“Looking at the performance of the real estate sector during the period, the results disclosed a sector in troubled waters. It recorded a negative annual  real GDP   growth  of -4.74  percent  for  the year; a   further   decline compared to   -4.27  percent recorded in 2017. Quarter 4 result was equally negative, with a real GDP growth of -3.85  percent.

Source: vanguardngr

Why you Need to Add Real Estate to Your Investment Portfolio

We all, to some extent, recognize the potential financial benefits we could get from real estate investing. It goes without saying that there are many benefits of investing in real estate that outweigh the costs, and you as an investor stand to enjoy a steady flow of income to secure financial freedom for the long haul.

Real estate has proven to be one of two major investment spikes to wealth growth, the other being financial market. The key to investment success is spreading your investment over a range of assets and this is what smart investors do. Creating a balanced portfolio means you are spreading your money across various asset classes: stocks, bonds, and real estate.

This year holds prospects for investors given the fact that the property market registered a positive growth of 0.93 percent in the first quarter of the current year, after 12-quarter contraction and the momentum is expected to be sustained as the broader economy continues to pick up.

Here are some benefits associated with real estate investing when you add the asset class to your portfolio.

Portfolio Diversification

Have you spoken to a financial planner about investing? If yes, then you must have been told about the importance of diversification.

When you diversify your portfolio, you are spreading out the risk. Real estate serves as safe tangible assets to minimize risk in your portfolio. This holds true because real estate reacts differently to economic conditions compared with equities and bonds.

Risk never disappears in the capital market and there are numerous factors beyond your control that can negatively impact on your investment but real estate gives you more control of your investment because your property is a tangible asset.

Value Appreciation

The secret to success in real estate is investing at the right time in the right location. If you’re aiming for both short and long-term gains in your investment portfolio, then real estate should be thrown in. One major benefit of real estate investing is the appreciation of capital assets (land) overtime. In other words, your property’s value will worth way more than 30 years now.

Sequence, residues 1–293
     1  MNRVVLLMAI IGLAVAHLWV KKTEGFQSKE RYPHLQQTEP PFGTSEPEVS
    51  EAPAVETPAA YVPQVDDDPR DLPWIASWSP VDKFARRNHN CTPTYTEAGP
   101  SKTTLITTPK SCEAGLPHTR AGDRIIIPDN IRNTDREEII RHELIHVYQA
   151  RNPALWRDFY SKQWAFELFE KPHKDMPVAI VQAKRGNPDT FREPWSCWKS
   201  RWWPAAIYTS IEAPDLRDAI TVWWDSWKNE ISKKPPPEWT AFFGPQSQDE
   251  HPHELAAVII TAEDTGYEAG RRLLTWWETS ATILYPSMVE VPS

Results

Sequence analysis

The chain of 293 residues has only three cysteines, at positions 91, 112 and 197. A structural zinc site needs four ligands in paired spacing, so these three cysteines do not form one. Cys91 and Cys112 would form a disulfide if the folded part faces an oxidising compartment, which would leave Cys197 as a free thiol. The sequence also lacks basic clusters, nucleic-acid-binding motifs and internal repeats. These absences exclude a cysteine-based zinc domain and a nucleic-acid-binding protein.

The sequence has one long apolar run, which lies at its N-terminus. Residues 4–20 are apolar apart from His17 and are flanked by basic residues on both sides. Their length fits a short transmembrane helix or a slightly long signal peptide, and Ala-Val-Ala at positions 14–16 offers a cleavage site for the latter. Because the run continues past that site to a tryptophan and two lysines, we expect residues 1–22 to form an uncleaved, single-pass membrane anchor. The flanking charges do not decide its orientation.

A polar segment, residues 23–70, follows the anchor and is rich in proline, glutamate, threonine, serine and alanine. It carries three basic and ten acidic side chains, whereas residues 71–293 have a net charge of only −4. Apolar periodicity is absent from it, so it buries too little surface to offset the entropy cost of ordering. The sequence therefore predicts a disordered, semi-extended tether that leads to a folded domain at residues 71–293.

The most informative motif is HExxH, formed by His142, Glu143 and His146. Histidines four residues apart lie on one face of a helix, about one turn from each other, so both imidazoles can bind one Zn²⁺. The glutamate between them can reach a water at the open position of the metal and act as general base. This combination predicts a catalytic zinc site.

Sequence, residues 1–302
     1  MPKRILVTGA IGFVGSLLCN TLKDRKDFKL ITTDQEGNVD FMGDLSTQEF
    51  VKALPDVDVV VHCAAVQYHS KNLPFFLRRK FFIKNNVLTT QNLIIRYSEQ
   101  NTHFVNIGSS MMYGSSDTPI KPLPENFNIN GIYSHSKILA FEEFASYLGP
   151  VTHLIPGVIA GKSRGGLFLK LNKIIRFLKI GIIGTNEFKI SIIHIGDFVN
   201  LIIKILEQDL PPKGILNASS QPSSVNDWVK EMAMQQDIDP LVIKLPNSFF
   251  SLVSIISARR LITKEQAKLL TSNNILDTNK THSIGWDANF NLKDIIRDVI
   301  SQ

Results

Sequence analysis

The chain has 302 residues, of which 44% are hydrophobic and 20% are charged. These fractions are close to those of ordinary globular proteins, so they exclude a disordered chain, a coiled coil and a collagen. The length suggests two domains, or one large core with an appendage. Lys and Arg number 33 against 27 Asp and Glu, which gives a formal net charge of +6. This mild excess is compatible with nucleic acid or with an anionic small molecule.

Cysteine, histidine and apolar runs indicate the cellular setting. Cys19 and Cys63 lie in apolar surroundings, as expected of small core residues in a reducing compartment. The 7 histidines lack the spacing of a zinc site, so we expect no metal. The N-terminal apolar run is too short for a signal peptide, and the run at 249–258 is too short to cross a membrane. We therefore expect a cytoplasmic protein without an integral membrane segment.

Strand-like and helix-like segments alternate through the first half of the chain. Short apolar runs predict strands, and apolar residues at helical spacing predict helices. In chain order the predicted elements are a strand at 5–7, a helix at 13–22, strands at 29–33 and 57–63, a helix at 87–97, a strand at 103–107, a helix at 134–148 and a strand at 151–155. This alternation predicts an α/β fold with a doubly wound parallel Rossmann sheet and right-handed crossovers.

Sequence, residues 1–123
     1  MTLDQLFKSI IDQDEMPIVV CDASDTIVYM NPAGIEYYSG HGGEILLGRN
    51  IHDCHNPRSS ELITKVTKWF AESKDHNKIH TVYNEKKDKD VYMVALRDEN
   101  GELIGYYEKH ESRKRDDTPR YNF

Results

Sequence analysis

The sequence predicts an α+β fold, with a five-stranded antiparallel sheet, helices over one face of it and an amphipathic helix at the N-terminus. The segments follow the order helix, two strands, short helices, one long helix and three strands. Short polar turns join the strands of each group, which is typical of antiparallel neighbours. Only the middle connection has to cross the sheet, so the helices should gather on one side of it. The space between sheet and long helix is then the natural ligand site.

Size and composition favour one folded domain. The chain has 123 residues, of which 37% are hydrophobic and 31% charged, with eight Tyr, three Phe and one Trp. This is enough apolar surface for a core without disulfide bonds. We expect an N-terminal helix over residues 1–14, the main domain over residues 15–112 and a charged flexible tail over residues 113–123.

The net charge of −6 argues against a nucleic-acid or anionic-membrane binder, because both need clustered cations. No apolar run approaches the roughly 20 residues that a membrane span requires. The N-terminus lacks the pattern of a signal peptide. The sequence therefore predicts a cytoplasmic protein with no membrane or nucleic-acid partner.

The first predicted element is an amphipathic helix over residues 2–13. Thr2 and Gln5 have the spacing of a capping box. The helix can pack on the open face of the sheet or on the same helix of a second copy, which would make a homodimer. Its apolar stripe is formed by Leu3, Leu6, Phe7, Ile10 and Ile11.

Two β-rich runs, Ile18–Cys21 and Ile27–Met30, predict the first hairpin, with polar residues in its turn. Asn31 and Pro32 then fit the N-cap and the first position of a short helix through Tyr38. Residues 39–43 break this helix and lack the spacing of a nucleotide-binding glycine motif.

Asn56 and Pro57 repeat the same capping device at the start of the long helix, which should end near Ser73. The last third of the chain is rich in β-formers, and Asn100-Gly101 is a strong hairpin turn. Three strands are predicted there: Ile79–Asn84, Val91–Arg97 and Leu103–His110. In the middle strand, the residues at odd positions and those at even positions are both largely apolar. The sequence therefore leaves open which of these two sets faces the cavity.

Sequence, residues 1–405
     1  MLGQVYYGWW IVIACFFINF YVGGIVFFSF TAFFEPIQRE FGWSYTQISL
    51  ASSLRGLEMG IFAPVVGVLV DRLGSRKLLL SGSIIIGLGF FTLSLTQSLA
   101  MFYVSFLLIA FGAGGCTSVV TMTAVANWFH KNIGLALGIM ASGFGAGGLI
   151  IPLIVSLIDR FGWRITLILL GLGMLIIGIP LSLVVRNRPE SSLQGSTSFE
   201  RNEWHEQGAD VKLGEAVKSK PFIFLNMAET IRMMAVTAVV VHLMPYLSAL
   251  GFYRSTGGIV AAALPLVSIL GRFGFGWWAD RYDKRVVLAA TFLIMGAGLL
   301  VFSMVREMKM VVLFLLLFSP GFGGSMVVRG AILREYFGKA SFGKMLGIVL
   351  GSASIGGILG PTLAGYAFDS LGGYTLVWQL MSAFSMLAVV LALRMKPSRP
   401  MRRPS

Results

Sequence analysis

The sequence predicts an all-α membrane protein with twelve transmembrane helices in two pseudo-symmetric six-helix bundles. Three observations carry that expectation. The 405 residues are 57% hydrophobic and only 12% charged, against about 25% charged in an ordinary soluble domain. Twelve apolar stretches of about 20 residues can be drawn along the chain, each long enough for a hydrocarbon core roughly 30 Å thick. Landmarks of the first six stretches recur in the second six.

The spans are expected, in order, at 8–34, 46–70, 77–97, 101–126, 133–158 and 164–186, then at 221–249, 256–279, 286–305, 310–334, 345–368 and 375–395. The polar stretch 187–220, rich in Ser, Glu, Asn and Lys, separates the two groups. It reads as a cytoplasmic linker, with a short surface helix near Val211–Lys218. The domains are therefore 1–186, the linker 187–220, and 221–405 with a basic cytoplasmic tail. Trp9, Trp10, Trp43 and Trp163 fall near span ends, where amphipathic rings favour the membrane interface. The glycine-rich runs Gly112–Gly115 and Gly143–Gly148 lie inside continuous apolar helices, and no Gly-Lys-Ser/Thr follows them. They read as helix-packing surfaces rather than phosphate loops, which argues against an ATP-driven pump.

Steady Income

This is no brainer. Smart investors diversify to real estate for the steady flow of cash they earn in the form of rental income. Depending on the location, you could be earning significant income to cover your expenses, with extra income in your pocket. Urban centers tend to reap higher income because demand is high in those areas.

If chosen wisely, you can secure a steady income flow for a long time, and even save for retirement. And you do not have to stop investing in one property a time; you can increase the pace and invest in multiple properties, to increase your positive cash flows.

Long-term financial security

One of the big rewards of diversifying your portfolio to real estate is financial security in the long haul. Owning a property gives investors a sense of security because of the property’s appreciation in value overtime. This means your property’s value will most likely increase because land and building are appreciating asset.

With this, you have peace of mind that you have enough money saved to meet emergencies and future financial goals.

Hedge against inflation

An inflation hedge means you are investing in an asset expected to maintain or increase its value over a specified period of time. This is why inflation is considered a hedge against inflation since property value tends to increase in times of inflation.

Real estate investors embrace inflation because as the cost of living increases, so also their cash flows. It is an appreciative long-term investment with inflation-adjusted rental income.

By investing across different asset classes over long periods of time, you increase the likelihood of achieving your long-term investment targets. While having other asset classes in your portfolio is a smart move, but real estate has proven again and again that it is superior to other investment classes, and it is advisable you include it in your portfolio.

Source: BusinessdayNg

CAP to Leverage Reforms in Real Estate Sector to Boost Returns

CHEMICAL and Allied Products, CAP Plc, has said it is poised to take advantage of the structural reforms that will be undertaken by the federal government in the housing and real estate sector this year to boost revenue and returns to its shareholders.